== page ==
Responding to a request for comment, Peter Lorenz, communications director for the state’s Executive Office of Energy and Environmental Affairs, echoed Enbridge’s statement that any emissions from the station would meet all standards and said the state “continues to conduct other required reviews under the federal Natural Gas Act, and will continue to prioritize the Commonwealth’s public safety and the proper environmental protections in reviewing all proposed projects.”
Baker administration officials also add that while the Commonwealth did not decide on the location of the compressor station, it did complete “a comprehensive and science-based evaluation” before approving the air quality permit.
And yet, just last week, an air-permit hearing was abruptly halted when it was discovered that MassDEP had delayed disclosing important air monitoring data at the site in question.
THE WEYMOUTH CONTROVERSY is heating up at a time when Americans are questioning the use of natural gas as an energy source. Extracting it often requires hydraulic fracturing or fracking, a controversial water-intensive process that may cause earthquakes and release toxic chemicals into rivers, soil, and the air. Aside from the known harms of fracking, a recent preliminary report by an independent consultant concluded that Massachusetts is underprepared for a natural gas disaster.
Meanwhile, the global concentration of carbon dioxide — the most potent greenhouse gas in the atmosphere — has skyrocketed to its highest point in the last 800,000 years.
Considering that the transport and burning of natural gas releases considerable amounts of carbon dioxide, rising sea levels are threatening our coastline, and the state is still grappling with climate change, it’s reasonable to wonder: Should we continue to invest in fossil fuel infrastructure?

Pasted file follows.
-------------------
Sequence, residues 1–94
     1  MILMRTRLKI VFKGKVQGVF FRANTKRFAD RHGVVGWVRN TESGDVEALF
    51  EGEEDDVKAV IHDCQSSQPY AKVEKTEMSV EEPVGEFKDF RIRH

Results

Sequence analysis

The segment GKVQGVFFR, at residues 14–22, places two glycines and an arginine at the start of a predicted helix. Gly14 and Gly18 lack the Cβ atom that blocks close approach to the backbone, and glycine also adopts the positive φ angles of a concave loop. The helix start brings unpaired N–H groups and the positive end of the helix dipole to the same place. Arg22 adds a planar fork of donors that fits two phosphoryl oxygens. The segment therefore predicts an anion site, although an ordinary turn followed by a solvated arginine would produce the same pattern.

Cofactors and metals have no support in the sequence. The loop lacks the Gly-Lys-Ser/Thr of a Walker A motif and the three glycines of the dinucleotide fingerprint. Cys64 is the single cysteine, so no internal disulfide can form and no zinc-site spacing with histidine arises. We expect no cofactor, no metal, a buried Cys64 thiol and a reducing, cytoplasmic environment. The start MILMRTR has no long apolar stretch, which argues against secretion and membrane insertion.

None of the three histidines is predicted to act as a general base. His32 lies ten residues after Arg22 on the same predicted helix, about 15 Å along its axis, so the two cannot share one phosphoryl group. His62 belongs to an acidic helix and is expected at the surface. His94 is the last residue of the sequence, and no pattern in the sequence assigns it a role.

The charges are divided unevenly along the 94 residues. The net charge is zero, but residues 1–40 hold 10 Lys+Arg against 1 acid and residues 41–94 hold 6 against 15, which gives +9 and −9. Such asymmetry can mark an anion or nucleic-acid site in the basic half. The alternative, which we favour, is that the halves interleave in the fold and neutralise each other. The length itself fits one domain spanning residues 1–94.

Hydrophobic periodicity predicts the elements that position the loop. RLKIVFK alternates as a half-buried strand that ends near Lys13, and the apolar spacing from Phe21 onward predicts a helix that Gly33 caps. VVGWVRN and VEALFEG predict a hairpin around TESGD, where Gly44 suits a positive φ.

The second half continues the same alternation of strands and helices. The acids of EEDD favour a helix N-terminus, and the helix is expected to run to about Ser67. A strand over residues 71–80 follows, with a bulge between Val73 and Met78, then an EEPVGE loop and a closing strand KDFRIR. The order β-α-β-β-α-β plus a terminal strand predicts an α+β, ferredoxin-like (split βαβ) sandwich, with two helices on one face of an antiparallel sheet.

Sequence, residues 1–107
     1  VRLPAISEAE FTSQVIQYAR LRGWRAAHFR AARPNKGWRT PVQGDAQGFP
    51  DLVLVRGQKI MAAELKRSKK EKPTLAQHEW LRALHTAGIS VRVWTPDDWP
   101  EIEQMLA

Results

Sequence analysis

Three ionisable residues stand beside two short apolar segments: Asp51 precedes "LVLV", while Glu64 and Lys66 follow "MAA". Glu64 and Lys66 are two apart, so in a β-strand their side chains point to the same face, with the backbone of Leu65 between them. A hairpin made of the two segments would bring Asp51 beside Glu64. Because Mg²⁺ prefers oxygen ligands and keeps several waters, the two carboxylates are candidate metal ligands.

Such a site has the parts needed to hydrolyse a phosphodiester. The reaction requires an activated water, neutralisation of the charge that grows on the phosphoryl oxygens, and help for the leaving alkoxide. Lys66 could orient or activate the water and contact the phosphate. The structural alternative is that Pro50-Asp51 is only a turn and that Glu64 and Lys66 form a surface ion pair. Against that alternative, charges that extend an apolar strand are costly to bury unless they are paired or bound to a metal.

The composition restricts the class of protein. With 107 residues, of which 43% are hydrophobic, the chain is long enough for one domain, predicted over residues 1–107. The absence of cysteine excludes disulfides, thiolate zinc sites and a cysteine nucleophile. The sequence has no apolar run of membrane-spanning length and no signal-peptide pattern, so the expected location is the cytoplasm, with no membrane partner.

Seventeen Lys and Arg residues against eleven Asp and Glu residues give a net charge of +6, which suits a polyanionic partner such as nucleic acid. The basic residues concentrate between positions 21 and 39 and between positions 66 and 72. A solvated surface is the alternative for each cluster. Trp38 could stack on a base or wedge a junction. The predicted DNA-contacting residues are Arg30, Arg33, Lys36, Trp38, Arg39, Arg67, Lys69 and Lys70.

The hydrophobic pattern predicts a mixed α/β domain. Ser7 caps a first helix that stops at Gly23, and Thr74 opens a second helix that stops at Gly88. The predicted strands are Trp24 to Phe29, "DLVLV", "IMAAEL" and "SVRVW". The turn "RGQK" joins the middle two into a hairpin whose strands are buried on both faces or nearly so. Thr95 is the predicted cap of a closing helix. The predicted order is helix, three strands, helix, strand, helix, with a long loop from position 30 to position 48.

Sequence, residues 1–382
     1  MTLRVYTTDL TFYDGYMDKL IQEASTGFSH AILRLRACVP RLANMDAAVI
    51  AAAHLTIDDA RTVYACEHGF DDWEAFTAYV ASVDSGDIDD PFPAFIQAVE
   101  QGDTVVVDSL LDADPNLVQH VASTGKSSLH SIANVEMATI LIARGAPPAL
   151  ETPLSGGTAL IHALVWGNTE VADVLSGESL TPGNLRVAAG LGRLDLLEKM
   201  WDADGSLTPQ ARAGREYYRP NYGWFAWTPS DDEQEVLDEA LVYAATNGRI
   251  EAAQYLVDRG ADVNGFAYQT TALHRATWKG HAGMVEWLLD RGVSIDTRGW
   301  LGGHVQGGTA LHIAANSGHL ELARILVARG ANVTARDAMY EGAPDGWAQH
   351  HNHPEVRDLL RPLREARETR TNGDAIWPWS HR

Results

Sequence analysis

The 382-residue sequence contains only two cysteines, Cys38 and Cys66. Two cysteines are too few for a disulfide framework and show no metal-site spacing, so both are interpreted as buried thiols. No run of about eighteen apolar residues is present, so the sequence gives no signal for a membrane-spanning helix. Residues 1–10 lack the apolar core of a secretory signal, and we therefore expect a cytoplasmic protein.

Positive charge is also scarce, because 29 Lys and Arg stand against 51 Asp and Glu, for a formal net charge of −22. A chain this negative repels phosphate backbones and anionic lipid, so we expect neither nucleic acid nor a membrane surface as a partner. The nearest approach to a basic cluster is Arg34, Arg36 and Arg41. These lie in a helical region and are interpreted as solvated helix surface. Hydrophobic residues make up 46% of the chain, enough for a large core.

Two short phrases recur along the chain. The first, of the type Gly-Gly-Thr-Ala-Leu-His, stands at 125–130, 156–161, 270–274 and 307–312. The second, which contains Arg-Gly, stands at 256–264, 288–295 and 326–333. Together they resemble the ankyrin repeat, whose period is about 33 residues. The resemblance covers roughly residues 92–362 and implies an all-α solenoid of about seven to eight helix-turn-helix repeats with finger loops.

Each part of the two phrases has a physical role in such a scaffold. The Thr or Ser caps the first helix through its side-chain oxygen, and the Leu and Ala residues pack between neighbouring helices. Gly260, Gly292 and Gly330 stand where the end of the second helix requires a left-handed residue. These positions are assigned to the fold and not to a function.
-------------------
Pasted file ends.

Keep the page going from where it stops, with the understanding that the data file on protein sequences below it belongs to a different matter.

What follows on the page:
The project also raises questions about how we, as a nation, treat disadvantaged Americans: “The Weymouth compressor poses a really unjust health burden on the surrounding community, which is already at increased risk from these hazardous air pollutants,” said Dockery, who has dedicated the past 45 years to studying the effects of air pollution. “And without any compensating benefits, asking these communities to suffer from these irreversible hazards really cannot be justified.”
Having spent his career focused on toxic chemicals and their effect on children, Landrigan concurs. Speaking at a Boston College press conference, he drew a comparison between the compressor station and another well known public safety incident: the water crisis in Flint, Michigan.
Landrigan, whose research on lead helped get it banned from gasoline and paint in the 1970s, and who served as an advisor on the Flint disaster, said he’s seeing the same scenario unfold in the Fore River Basin: ”[T]here’s an unresponsive state government that is refusing to look at the public health hazards, is refusing to look at the safety hazards.”
He adds: “This is Flint on the Fore River.”